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The Security National Bank of Sioux City, IA v. Vera T. Welte Testamentary Trust

Summarizing by Amir Shachmurove

Generation Capital I, LLC v. Fliss (In re Fliss)

Case Type:
Case Status:
No. 22-1424 (7th Circuit, Nov 27,2023) Published
The U.S. Court of Appeals for the Seventh Circuit held a bankruptcy court did not err in concluding the Rooker-Feldman doctrine and the doctrines of res judicata and collateral estoppel did not bar a debtor from objecting to a creditor's claim derived from a state court consent judgment. In part, the circuit court explained a consent judgment is "treated differently under res judicata and collateral estoppel doctrines," is "not entitled to collateral estoppel effect" as it isn't a decision on the merits, and is preclusive for res judicata only as to matters settled by that judgment.
Procedural context:
After the bankruptcy court granted the debtor's objection to the creditor's claim, and confirmed the debtor's chapter 13 plan, the creditor appealed the rulings to the U.S. District Court for the Northern District of Illinois. The district court affirmed the bankruptcy court's orders and the creditor filed a subsequent appeal to the Seventh Circuit.
Debtor John Fliss jointly owned two companies with Larry Wojciak and Mark Barr. The companies took out a $200,000 loan with a bank, which the debtor, Wojciak, Barr, and a trust all guaranteed, After the businesses failed and defaulted on the loan, the bank filed a state court complaint. The state court then entered a consent judgment of over $208,000, holding the four guarantors jointly and severally liable. Wojciak, via entities he owned and operated, acquired the note and the judgment from the bank for $240,000. He then caused the entity taking ownership of the note and the judgment, Generation Capital I, to intervene in the state court lawsuit and pursue a supplemental proceeding to satisfy the judgment against the debtor. The state court rejected the debtor's argument that the debt was extinguished when Wojciak acquired it as Wojciak, himself, did not transfer any funds to the bank. Shortly after this ruling, the debtor filed a chapter 13 bankruptcy case in the U.S. Bankruptcy Court for the Northern District of Illinois. Generation Capital I filed a $360,000 claim in the debtor's bankruptcy case based on the state court judgment and accrued interest. The bankruptcy court granted the debtor's objection to the claim and disallowed it in its entirety. The court held Generation Capital I was an alter ego of Wojciak and, when it acquired the state court judgment, the merger doctrine extinguished the debt. The court also concluded the Rooker-Feldman doctrine did not apply and issue and claim preclusion (collateral estoppel and res judicata) did not bar the bankruptcy court from deciding whether Generation Capital I's claim should be disallowed. After disallowing the claim, the bankruptcy court confirmed the debtor's plan. Generation Capital I appealed.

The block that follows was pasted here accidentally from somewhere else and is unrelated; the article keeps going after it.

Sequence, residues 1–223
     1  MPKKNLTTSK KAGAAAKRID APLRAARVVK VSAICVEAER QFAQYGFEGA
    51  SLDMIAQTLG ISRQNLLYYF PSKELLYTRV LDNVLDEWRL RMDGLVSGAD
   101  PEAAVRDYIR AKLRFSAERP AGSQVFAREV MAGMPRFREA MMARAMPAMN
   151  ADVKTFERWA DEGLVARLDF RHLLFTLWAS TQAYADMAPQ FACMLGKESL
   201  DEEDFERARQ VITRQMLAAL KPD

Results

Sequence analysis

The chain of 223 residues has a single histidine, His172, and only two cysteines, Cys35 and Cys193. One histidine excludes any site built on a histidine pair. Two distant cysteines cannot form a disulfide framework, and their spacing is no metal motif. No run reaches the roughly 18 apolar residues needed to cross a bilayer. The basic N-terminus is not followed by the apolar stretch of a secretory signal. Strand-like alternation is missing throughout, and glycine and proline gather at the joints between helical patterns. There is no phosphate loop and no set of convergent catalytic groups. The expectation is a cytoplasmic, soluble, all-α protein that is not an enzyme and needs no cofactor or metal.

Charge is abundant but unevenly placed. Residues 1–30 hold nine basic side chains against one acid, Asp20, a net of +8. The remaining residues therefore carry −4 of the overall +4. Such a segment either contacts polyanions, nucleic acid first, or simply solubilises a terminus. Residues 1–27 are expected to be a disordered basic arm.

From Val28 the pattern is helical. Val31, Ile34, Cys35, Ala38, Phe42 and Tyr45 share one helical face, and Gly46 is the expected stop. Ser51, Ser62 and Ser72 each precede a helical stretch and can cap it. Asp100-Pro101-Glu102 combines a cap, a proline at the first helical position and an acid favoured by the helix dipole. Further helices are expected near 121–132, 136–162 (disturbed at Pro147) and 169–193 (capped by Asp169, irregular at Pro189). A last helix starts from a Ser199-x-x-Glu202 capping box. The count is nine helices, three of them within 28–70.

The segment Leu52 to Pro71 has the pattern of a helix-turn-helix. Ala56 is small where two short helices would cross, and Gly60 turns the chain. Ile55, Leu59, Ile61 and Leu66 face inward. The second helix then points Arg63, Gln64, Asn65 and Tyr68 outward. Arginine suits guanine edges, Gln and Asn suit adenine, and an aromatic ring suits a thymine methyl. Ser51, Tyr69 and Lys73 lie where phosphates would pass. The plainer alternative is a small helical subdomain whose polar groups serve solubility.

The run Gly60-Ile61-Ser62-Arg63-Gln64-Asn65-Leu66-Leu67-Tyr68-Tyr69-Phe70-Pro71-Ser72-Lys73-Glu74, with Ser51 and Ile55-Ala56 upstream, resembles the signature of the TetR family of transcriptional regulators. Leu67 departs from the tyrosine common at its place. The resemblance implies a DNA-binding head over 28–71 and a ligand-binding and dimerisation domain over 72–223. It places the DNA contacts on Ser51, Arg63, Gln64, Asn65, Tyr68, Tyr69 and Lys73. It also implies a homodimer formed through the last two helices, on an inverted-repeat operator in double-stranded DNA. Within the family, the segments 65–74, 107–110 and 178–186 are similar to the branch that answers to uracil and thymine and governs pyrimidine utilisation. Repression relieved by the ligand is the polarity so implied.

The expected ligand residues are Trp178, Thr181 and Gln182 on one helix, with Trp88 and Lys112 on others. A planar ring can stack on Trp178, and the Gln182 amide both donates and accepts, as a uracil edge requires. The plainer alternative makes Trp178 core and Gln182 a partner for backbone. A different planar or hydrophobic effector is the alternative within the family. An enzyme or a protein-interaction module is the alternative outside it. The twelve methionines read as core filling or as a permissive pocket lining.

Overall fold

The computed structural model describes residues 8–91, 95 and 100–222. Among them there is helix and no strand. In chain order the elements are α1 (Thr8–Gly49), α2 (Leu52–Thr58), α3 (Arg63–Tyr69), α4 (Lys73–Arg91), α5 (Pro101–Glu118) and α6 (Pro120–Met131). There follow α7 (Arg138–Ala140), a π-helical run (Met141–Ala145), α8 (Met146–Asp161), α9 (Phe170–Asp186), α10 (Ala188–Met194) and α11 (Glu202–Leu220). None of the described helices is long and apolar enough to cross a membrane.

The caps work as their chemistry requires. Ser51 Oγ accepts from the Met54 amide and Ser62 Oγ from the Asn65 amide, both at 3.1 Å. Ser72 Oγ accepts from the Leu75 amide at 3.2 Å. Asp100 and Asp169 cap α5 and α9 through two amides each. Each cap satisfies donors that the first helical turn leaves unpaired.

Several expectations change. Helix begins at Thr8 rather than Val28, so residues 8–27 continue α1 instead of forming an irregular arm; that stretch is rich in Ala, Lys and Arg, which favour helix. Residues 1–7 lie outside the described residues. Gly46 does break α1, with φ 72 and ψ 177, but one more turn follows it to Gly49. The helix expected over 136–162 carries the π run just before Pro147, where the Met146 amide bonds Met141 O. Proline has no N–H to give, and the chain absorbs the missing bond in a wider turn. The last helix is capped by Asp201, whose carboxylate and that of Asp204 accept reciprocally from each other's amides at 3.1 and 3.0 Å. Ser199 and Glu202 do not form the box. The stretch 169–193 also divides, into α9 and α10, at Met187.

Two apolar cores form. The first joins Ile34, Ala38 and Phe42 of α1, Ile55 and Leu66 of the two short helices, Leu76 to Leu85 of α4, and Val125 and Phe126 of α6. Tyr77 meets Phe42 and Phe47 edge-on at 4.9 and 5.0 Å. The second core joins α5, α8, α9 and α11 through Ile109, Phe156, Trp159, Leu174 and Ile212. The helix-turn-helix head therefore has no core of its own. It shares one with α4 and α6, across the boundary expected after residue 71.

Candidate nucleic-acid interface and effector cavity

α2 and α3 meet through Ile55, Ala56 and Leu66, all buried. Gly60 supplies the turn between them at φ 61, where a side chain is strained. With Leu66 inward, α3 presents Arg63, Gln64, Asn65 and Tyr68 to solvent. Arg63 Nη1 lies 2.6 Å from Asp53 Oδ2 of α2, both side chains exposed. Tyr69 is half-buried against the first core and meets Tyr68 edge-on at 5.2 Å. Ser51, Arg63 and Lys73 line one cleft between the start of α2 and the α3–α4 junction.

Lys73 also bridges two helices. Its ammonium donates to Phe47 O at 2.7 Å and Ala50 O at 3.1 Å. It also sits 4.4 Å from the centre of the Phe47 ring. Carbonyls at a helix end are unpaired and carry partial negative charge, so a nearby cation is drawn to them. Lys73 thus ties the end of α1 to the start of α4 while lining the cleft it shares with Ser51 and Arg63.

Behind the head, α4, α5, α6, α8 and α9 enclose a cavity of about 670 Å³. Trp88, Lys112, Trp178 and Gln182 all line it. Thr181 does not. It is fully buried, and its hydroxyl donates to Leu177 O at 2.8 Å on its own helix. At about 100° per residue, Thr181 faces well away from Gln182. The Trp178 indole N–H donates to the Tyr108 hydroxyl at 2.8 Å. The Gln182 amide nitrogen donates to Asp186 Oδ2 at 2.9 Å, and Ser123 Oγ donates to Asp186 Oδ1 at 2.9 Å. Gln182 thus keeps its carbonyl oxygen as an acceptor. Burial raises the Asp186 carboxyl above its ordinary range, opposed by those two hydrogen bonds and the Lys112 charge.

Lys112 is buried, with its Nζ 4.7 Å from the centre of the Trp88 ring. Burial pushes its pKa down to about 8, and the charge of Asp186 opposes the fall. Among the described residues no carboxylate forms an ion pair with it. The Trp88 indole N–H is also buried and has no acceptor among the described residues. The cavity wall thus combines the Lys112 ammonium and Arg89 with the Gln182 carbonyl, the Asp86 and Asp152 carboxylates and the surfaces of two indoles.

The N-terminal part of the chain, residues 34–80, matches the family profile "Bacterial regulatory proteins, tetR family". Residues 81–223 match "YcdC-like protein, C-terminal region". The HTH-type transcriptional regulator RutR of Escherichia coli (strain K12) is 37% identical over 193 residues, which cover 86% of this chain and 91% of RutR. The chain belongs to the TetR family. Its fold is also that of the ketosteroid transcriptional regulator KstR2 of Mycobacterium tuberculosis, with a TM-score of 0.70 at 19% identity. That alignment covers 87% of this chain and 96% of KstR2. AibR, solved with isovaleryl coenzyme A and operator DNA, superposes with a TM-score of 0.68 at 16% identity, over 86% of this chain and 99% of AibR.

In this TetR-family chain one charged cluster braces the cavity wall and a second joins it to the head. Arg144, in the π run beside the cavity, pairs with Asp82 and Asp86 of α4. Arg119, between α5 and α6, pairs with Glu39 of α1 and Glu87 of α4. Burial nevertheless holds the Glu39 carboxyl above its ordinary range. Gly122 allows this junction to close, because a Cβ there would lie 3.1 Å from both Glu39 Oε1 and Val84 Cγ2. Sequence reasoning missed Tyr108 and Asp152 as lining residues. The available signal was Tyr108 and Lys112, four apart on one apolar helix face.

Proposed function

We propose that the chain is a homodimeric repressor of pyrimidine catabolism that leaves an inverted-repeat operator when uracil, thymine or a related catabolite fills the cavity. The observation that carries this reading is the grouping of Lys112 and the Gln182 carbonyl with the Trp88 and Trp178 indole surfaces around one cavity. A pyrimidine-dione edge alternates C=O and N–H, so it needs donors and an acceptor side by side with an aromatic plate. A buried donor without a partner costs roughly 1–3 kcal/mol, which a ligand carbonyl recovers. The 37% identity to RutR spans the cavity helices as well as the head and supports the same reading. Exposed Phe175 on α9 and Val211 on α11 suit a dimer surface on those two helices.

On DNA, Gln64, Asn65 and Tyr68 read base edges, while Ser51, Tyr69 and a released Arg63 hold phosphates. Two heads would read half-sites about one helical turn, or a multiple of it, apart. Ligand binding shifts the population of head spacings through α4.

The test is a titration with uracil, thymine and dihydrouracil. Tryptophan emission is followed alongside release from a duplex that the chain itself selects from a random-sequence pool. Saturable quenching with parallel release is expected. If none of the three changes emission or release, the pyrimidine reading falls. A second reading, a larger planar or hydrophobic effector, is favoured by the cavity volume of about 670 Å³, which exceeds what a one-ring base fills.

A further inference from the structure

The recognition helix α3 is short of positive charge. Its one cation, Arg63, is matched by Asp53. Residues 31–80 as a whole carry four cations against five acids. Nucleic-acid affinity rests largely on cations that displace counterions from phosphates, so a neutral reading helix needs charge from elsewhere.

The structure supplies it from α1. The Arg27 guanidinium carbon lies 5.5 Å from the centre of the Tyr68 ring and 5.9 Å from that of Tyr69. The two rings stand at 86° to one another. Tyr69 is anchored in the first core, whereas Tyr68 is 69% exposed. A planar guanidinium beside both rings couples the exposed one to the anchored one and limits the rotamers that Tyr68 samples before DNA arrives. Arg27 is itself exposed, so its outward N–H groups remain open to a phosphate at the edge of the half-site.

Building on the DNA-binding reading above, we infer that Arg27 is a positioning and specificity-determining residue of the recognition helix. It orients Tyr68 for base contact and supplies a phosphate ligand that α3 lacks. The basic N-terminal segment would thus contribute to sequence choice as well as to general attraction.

Flaum, Kirsch, and Jackson-Akiwumi

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